‘BOOM’ that’s the sound my mind makes when I see something absolutely brilliant, so it was no shock to me when the explosion sounded at the sight of Lee Jeffries emotionally filled black and white snaps. How Jeffries began picturing the underprivileged goes something like this: In 2008 Mr Lee was nothing more than an accountant and an amateur photographer, being particularly fond of running he entered a marathon in London, an event that would change his life.
On the day before the big race, he decided to wonder around the streets with his Canon 5D camera with attached EF70-200mm lens. As he neared Leicester Square, he spotted and aimed his camera at a young homeless woman, huddled in a sleeping bag surrounded by empty chinese food containers- he took the shot. Jeffries recounts what happens next, “She spotted me and started shouting, drawing the attention of passersby, I could have just walked away in an embarrassed state, or I could have gone over and apologized to her.” He chose the latter and crossed the street and sat with the woman.
The eighteen-year-old, whose complexion indicated she was abusing drugs, told Jeffries her saddening story: her parents had died, leaving her without a home, and she now was forced to live on the streets of London. This single moment had a profound ripple effect in Jeffries life, intensifying his focus on the subject matter of his street photography -to the homeless- and defining his approach to capturing pictures.
He didn’t want to exploit these people or steal photographs from them like so many others who’ve seen the homeless as easy pray. Instead, he would connect with them in order to create intimate portraits that reveal an all-to-human story. Jeffries says, “I need to see some kind of emotion in my subjects. I specifically look at people’s eyes—when I see it, I recognize it and feel it—and I repeat the process over and over again.”
Keeping the conversations as informal as possible, Jeffries rarely takes nots as he believes it might raise some suspicion, blocking some of the more natural expressions; so he takes his pictures while talking with them and doing so enables him to freeze those “real emotions” within his subjects with the click of a button. “I’m stepping into their world,” he says. “Everyone else walks by like the homeless are invisible. I’m stepping through the fear, in the hope that people will realize these people are just like me and you.”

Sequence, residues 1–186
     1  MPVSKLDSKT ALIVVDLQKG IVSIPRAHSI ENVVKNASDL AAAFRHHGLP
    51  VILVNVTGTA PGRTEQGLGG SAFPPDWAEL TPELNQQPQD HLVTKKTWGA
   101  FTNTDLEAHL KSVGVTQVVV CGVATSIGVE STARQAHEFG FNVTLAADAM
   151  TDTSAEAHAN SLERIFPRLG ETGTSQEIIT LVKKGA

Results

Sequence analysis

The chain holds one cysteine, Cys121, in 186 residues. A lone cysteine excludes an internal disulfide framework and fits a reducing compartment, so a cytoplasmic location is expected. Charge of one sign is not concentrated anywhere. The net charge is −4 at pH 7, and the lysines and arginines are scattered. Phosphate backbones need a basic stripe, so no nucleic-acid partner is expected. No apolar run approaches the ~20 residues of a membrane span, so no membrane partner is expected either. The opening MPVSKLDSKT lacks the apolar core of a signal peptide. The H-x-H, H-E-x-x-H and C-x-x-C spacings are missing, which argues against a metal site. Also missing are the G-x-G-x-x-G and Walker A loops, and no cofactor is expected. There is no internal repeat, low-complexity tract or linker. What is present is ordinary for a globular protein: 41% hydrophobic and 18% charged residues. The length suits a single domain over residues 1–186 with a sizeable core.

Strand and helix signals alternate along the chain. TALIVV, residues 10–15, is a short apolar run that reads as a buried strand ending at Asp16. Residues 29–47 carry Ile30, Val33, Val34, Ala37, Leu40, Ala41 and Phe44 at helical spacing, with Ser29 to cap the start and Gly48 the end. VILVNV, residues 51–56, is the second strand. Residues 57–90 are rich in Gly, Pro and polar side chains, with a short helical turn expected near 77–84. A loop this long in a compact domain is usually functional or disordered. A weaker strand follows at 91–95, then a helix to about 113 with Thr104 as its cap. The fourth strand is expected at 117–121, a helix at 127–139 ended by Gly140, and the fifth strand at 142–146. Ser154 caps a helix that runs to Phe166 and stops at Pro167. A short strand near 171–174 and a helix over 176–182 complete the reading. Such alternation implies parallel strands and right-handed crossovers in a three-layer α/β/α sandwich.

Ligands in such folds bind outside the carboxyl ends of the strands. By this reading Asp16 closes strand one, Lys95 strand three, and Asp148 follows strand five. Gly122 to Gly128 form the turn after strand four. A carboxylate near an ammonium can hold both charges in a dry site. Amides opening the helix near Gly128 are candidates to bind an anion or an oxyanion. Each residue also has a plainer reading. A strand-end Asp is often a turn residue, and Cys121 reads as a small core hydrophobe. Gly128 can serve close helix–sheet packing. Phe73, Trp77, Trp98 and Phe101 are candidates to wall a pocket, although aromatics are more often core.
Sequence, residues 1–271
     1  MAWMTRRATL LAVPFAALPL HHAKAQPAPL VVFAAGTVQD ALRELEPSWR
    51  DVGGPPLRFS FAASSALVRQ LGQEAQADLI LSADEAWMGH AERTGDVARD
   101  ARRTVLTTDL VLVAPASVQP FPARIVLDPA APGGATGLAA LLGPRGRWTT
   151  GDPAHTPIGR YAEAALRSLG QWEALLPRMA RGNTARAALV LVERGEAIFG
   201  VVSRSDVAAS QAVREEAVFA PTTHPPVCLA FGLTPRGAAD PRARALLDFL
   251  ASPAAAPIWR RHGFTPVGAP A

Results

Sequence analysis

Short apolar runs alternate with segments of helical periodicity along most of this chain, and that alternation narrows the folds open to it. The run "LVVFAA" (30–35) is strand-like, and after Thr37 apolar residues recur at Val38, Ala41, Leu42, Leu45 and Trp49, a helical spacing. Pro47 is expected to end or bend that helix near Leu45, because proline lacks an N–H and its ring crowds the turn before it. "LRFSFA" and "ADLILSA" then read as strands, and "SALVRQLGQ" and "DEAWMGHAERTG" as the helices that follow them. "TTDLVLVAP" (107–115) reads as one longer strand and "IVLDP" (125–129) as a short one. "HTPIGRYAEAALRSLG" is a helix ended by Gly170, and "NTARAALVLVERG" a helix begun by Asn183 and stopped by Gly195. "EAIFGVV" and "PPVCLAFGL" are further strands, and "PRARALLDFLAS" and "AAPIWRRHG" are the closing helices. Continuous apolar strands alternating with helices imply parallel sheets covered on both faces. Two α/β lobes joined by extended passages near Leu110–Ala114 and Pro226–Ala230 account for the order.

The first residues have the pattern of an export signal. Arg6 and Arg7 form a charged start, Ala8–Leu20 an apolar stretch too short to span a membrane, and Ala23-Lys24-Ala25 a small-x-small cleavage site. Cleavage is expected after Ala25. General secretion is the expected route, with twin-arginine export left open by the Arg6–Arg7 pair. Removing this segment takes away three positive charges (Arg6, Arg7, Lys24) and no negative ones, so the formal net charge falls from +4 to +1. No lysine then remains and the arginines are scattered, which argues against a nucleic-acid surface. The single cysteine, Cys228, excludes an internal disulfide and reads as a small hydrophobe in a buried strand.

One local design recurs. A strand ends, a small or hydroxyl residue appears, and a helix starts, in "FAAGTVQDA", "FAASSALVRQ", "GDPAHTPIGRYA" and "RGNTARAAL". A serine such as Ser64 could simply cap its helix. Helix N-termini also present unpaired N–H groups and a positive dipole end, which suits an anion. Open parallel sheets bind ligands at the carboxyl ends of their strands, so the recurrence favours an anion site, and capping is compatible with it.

Being self-funded Jeffries has used vacation time to travel to Skid Row in Los Angeles three times, as well as Las Vegas, New York, London, Paris and Rome, to continue his project. His style of underexposing a shot then later dodging back light to where he wants it is a direct reference to the religious overtones he felt while photographing the beggars and homeless in Rome. Even after he has had these heavy emotional experiences, it sometimes lingers while he processes his pictures. Jeffries says, “When I’m talking to these people, I can’t then leave that emotion, so when I get back to my computer so emotionally involved, sometimes I will start to cry when processing the image.”
So passionate is he with his photographs that he’s turned his project into a life long mission to help those who are helpless by raising funds, posting to flickr, and entering his work in competitions to bring about awareness. Over the past three years Jeffries has placed third, second and second in an annual Amateur Photographer magazine award contest, and has won separate monthly contests which come with a camera as a reward. Each of the half dozen cameras he’s won has been donated to raise funds for charities, including homeless and disability organizations.
The proceeds from Jeffries’s Blurb book, which features homeless portraits, go to the Union Rescue Mission in Los Angeles and the photographer allows any charity to use his images free of charge. Jeffries also runs the London and New York marathons to raise money for Shelter, a U.K. housing charity. He’s committed himself at a more personal level too, buying lunch for a man who had lost his fingers and toes to frostbite or taking a woman with a staph infection to the hospital when she was sick. Jeffries estimates he has given thousands of dollars to these individuals, but what he has given them in terms of a sense of dignity and outpouring of concern is immeasurable.
If you want to support this amazing artist go check out his Flickr, and help out by donating some funds to your local charity/homeless shelter!